Staying Up Late
Here's a confession: My husband and I allow our sons, ages 4 and 5, to do something that many parents would consider as harmful as serving them candy bars and soda for dinner. We let them stay up late, every night.
Before you question why a terrible mother like me is permitted to write for a respected family magazine, let me hastily add that my boys, Cy and Jack, aren't yet in school full-time. So even though they're wriggling into their Batman pajamas and snuggling up for a story just before 10:30 P.M., they can -- and do -- sleep late each morning. Altogether they get 10 or 11 hours of shut-eye a night, which, experts say, is about right for children their age. Their bedtimes fit our household schedule. My husband gets home from work late, we eat dinner late, we play late, and so on throughout the evening.
Some of my friends and relatives have tactfully questioned whether such a late bedtime is good for small children. I typically respond by saying my kids seem fine -- goodness knows, no one ever complains that they lack energy. Still, the persistent questioning (with its undertone of disapproval) left me wondering: Could my sons be suffering any harm? To find some answers, I turned to the country's leading experts on children's sleep habits.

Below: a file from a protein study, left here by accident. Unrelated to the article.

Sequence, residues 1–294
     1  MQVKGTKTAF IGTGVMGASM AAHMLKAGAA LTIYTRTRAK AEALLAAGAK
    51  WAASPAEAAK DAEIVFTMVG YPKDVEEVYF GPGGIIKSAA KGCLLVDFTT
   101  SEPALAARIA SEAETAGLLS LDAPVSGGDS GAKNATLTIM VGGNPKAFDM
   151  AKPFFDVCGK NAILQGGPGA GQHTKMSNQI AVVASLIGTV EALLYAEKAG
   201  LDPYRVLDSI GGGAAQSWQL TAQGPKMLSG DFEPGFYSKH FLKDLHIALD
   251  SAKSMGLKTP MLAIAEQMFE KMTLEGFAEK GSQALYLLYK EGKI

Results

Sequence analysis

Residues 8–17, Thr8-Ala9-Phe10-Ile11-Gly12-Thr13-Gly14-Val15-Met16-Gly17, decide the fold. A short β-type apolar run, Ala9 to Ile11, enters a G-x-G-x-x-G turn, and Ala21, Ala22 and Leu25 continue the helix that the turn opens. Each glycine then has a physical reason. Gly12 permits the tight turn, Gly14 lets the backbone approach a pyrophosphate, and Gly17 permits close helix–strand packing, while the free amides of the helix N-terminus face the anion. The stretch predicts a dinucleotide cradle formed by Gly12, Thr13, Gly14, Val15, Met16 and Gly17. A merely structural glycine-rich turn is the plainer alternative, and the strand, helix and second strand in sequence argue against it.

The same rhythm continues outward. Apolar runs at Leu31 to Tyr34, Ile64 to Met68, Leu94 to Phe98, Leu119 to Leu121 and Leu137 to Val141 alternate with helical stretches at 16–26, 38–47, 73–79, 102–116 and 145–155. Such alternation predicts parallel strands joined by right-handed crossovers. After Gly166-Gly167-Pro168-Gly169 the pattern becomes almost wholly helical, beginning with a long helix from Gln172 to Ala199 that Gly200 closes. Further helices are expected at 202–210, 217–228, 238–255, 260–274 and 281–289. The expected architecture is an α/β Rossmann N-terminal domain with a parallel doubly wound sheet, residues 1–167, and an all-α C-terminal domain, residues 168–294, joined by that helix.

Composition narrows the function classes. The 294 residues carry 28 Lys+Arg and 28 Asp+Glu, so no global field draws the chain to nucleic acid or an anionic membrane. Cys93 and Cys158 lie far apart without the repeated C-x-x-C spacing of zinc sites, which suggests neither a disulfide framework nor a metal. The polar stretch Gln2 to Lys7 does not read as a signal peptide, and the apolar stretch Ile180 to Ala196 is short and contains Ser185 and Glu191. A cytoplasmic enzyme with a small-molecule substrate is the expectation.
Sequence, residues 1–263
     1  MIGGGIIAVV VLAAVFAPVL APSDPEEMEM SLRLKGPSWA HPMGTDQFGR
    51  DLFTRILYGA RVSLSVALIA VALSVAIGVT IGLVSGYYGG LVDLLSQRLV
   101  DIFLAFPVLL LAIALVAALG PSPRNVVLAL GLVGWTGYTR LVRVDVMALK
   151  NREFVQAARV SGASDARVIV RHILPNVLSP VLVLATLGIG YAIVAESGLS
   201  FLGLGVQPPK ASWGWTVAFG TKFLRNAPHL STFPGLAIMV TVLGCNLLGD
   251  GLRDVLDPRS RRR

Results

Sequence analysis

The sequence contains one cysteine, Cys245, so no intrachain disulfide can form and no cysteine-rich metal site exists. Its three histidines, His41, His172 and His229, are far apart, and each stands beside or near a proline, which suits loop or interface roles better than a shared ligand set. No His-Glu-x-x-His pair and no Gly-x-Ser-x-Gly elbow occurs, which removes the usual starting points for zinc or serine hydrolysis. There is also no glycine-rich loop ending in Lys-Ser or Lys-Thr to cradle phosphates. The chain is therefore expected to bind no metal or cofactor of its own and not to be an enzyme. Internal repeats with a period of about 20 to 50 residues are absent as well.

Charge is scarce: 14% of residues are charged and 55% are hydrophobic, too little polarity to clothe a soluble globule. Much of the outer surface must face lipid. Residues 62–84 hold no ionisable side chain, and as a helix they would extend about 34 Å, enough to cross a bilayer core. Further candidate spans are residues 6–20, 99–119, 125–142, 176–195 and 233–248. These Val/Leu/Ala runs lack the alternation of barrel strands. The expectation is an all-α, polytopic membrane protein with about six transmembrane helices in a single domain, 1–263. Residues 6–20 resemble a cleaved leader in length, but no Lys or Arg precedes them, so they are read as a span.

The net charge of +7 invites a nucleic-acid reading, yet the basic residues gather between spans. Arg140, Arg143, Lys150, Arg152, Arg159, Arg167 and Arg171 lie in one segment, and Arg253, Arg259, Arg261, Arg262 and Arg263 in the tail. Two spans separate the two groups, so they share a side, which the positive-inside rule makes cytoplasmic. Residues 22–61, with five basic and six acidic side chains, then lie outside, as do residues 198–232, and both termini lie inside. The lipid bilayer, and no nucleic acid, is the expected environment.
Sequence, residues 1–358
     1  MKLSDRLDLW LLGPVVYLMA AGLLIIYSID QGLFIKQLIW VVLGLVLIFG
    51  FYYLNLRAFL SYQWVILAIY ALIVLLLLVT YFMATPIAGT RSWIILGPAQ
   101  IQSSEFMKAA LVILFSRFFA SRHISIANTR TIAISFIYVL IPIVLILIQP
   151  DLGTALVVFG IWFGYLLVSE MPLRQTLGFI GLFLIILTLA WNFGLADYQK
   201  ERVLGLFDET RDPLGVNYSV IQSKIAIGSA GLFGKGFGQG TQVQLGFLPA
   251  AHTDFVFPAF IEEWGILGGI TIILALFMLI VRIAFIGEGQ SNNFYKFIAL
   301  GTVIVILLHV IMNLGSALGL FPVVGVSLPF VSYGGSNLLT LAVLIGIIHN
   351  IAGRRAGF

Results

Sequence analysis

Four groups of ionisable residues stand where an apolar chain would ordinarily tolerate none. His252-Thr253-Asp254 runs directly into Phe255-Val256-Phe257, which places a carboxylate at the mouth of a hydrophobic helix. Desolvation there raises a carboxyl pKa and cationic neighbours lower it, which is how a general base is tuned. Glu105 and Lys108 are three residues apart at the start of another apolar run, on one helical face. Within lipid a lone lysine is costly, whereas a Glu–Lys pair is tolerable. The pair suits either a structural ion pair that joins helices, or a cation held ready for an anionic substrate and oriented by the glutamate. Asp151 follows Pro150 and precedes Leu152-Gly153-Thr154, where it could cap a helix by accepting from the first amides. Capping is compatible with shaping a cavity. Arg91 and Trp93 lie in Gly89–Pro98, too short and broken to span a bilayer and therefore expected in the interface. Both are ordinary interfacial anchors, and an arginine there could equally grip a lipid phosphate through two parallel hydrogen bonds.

I found that most sleep specialists, not surprisingly, are unenthusiastic about late bedtimes. As several pointed out, this schedule is toughest on Mom and Dad. "In most families, parents just aren't going to have the energy to deal with a 3-year-old at 10:00 P.M.," says Judith Owens, M.D., director of the Pediatric Sleep Disorders Clinic at Hasbro Children's Hospital, in Providence. "Parents need time to themselves."
Still, I persisted: My husband and I get our private time over coffee and the morning newspaper instead of at night. If that's okay with us, is it okay for the kids? Well . . . as Dr. Owens and most of the others hesitantly allow, there's probably nothing intrinsically harmful about letting kids stay up late, provided -- and this is the crucial part -- that they go to bed about the same time every night and get enough sleep overall. As Dr. Owens explains in a more clinical way: "The duration and the regularity of the sleep-wake cycle are the most important factors in a child's having a quality, restful sleep."